'Confronting the Present in the Past: German-Jewish Exiles in London 1933-1950'

Sander L. Gilman, Distinguished Professor of the Liberal Arts and Sciences and Professor of Psychiatry, Emory University

Mon 11 - Thurs 14 May 2009, 5.15pm daily; preceded by the Community Sherman Lecture May 10.

Venue: Arts Lecture Theatre of the Samuel Alexander Building, University of Manchester (Building 67 on Campus Map)

Community Lecture: Sunday 10th May 2009'Albert Einstein's Violin: Jews, Music and Modern Life'

Sander L. Gilman will explore why Jews were so prominent in the world of high music a hundred years ago and how high culture became a tool for integrating into European society. The question about what 'Jewish music' could be was hotly debated, even shaping early Zionist thought and notions about the future State of Israel. Gilman's illustrated talk will connect the passionate violin performances of one of the most legendary Jewish exiles, Albert Einstein, with the role of minorities in our contemporary classical music scene.

1. Monday 11th May 2009'Freuds: Sigmund and Anna Confront the Present in the Past'

Looking at Sigmund Freud's celebrity arrival in London, we can begin to sense the contours of an exile response to British society in the 1930s, with its complexity distorted by the sense of refuge given to the exiles.  Anna's response is quite different than her father's - as it mirrors her experience of the war.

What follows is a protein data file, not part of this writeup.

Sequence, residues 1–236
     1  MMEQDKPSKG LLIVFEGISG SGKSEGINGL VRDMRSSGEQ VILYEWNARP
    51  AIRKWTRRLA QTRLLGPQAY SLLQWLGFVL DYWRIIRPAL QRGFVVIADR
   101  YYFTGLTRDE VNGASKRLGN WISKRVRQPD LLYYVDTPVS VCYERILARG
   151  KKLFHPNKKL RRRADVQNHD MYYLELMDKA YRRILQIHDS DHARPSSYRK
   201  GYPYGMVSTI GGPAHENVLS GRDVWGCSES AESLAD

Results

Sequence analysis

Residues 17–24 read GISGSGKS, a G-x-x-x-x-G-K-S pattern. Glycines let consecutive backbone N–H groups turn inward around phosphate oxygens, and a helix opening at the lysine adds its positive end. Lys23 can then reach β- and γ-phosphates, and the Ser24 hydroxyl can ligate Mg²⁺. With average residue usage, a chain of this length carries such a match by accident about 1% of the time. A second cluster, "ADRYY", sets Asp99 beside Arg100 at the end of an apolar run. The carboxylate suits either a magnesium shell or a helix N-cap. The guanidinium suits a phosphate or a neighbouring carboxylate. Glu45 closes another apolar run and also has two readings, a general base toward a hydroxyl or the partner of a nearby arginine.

2. Tuesday 12th April 2009: 'Anti-Freud: Elias Canetti and the Jews'

Elias Canetti's seeing the Past in the Present is mirrored in the reception that his novel Auto-de-Fe, published in Vienna, has in the UK and Canetti's own struggle with the culture of England, including that of the exiles, and what it came to mean to be a Jew in a London seemingly obsessed with Sigmund Freud.  

3. Wednesday 13th April 2009'Learning to See: Ernst Kris, E. H. Gombrich and Edgar Wind Confront the Present in the Past'

Ernst Kris and E. H. Gombrich come to England and create a new art history that sees the past in the present in its attempt to provide an overarching theory of art and politics.  Humor plays a major role in their initial use of psychoanalysis to provide a theory of seeing.

4. Thursday 14th April 2009'After the Shoah: H. G. Adler - From Terezin to London'

After 1945 the new exiles such as H.G. Adler arrive in London from their experiences in the concentration and death camps.  They react to the exiles already present in British culture.  Their experiences come to be absorbed in the creative life of the child exiles who had come much earlier and whose creative lives extend into the present.


Sander L. Gilman is Distinguished Professor of the Liberal Arts and Sciences and Professor of Psychiatry at Emory University, where he is the Director of the Program in Psychoanalysis and the Health Sciences Humanities Initiative. A cultural and literary historian, he is the author or editor of eighty books. His Oxford lectures Multiculturalism and the Jews appeared in 2006; his most recent edited volume, Diets and Dieting: A Cultural Encyclopediaappeared in 2007. He is the author of the basic study of the visual stereotyping of the mentally ill, Seeing the Insane(John Wiley and Sons, 1982, reprinted 1996) as well as the standard study of Jewish Self-Hatred, the title of his Johns Hopkins University Press monograph of 1986. He has been a visiting professor at numerous universities in North America, South Africa, the United Kingdom (including the Weidenfeld Visiting Professor of European Comparative Literature at Oxford University), Germany, and New Zealand. He was president of the Modern Language Association in 1995. He has been awarded a Doctor of Laws (honoris causa) at the University of Toronto in 1997, elected an honorary professor of the Free University in Berlin (2000), and an honorary member of the American Psychoanalytic Association (2007).